Norman was charged with conspiracy to use interstate commerce facilities (a cellphone) in the commission of a murder-for-hire, resulting in death.
According to the complaint, Norman, Terica Ellis and others conspired to commit a murder-for-hire in exchange for money.
Federal authorities allege that in 2014, Norman obtained a $450,000 life insurance policy on his 18-year-old nephew, Andre Montgomery. Norman was the sole beneficiary.
In the days leading up to Montgomery’s murder, Ellis told Montgomery that she was coming to St. Louis. On March 13, 2016, the day before Montgomery’s murder, Norman flew to St. Louis, Missouri from his home in Los Angeles, California.
On March 14, 2016, Ellis and Norman communicated using temporary phones activated that day. Ellis also used the temporary phone to communicate with Montgomery and learn his location. Immediately after learning Montgomery’s location, Ellis placed a call to Norman.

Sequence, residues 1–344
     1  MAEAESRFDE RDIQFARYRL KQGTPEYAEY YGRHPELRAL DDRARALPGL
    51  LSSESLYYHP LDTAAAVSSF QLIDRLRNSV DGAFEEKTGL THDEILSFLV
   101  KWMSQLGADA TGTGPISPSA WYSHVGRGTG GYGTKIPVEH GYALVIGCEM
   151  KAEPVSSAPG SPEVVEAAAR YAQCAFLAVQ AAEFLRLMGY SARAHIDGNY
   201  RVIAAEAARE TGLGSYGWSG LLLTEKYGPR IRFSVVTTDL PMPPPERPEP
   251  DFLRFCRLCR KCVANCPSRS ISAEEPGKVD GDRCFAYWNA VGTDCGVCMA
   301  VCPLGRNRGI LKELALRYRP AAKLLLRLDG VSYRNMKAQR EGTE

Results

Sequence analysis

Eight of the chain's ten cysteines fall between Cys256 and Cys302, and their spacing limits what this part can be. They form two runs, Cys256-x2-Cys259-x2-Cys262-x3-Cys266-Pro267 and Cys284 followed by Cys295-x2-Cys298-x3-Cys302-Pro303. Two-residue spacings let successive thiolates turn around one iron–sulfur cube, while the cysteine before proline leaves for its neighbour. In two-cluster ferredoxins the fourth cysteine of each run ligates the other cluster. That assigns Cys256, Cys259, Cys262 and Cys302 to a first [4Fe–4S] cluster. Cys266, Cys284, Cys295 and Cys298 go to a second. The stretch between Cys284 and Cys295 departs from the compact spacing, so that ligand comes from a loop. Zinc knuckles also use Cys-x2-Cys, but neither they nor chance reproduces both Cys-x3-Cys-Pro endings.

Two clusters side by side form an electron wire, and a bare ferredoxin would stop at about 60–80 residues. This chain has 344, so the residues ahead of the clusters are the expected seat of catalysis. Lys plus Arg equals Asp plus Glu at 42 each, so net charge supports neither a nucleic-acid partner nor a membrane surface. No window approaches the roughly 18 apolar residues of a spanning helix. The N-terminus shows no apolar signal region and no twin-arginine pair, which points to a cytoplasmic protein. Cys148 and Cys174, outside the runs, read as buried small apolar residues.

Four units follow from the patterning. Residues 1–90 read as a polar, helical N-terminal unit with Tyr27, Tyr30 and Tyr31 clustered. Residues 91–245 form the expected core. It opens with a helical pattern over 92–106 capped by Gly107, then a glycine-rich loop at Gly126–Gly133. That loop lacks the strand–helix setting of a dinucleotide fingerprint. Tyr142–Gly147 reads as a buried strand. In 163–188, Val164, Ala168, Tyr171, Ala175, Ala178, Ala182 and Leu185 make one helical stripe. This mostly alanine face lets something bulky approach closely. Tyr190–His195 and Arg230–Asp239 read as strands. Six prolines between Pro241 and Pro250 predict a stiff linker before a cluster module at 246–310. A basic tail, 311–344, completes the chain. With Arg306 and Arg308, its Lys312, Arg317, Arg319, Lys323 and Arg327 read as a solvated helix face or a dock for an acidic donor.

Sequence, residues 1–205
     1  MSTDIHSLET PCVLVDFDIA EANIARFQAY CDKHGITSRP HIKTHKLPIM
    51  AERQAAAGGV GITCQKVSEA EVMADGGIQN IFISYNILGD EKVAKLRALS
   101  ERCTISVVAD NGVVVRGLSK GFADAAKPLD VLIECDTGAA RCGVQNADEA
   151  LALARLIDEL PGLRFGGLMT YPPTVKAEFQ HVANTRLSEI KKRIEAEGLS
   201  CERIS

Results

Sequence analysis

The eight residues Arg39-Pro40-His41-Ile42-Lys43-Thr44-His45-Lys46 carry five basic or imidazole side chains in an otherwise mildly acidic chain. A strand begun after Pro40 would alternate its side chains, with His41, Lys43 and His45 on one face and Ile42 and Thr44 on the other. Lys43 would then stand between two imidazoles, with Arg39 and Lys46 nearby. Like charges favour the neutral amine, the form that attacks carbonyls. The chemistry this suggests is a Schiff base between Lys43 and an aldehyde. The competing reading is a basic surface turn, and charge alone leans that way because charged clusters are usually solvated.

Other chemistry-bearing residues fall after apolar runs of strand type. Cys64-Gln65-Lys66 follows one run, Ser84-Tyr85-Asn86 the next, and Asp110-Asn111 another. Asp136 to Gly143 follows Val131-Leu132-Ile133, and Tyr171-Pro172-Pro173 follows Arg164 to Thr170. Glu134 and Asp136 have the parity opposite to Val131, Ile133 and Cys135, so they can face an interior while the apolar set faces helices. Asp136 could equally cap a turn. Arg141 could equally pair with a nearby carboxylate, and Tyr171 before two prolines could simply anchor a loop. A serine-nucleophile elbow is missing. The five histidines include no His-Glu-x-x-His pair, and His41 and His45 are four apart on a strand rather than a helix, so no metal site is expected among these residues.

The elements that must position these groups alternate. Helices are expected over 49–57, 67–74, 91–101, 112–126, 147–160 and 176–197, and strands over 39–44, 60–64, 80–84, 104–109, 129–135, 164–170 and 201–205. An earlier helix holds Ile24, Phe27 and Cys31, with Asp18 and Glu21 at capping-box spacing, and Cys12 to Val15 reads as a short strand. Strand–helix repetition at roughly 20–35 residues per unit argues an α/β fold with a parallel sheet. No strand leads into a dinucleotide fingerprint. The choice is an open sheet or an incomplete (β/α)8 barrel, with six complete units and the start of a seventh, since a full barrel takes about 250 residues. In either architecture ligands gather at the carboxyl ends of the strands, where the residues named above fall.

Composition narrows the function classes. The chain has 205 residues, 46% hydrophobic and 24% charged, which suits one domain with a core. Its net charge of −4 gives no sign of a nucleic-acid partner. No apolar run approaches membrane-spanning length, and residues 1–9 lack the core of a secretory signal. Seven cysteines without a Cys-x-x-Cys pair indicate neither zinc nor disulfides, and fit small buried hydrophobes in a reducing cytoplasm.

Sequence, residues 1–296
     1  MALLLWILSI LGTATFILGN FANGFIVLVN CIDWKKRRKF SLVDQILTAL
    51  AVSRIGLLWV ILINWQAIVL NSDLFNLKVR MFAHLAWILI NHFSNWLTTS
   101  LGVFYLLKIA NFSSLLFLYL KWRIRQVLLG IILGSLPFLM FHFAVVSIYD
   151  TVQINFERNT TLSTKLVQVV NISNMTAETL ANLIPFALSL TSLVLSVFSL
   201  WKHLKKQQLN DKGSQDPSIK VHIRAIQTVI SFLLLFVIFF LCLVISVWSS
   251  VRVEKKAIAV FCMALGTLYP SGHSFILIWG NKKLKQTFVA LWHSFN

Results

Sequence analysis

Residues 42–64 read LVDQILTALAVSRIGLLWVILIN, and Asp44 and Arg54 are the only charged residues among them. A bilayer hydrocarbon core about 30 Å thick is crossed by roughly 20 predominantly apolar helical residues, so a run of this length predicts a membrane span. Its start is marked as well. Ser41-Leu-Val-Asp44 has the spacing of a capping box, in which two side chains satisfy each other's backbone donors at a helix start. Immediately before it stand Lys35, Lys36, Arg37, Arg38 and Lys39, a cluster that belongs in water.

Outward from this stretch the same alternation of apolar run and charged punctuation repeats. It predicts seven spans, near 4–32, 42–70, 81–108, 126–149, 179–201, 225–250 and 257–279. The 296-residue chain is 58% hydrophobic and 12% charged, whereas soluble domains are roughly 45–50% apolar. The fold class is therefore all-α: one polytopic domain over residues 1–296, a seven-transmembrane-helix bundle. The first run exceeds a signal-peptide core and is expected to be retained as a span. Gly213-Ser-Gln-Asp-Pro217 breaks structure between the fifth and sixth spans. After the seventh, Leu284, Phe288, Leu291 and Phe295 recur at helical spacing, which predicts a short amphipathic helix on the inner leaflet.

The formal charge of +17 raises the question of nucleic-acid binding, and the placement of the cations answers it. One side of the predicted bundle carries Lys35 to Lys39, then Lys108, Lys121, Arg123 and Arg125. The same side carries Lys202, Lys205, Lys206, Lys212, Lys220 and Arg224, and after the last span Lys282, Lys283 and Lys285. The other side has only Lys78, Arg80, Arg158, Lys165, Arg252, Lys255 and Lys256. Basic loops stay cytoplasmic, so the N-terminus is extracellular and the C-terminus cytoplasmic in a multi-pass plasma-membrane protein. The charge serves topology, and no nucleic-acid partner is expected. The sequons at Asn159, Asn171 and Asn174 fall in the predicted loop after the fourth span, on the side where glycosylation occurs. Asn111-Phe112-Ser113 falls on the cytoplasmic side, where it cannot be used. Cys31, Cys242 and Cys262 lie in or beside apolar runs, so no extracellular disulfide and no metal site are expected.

Around 8:00 p.m. that same day, Montgomery was shot and killed. Ellis’s phone location information places her in the area of the murder at time of the shooting.
On March 21, 2016, Norman contacted the life insurance company in an attempt to collect on the life insurance policy he had obtained on his nephew.
Terica Ellis was also charged by complaint with conspiracy to use interstate commerce facilities in the commission of murder-for-hire, resulting in death.
The St. Louis Metropolitan Police Department Homicide Section and Federal Bureau of Investigation are investigating these charges.
For more info on the original article: https://www.wlbt.com/2020/08/18/sweetie-pies-owner-charged-with-conspiracy-alleged-murder-hire-plot-death-his-nephew/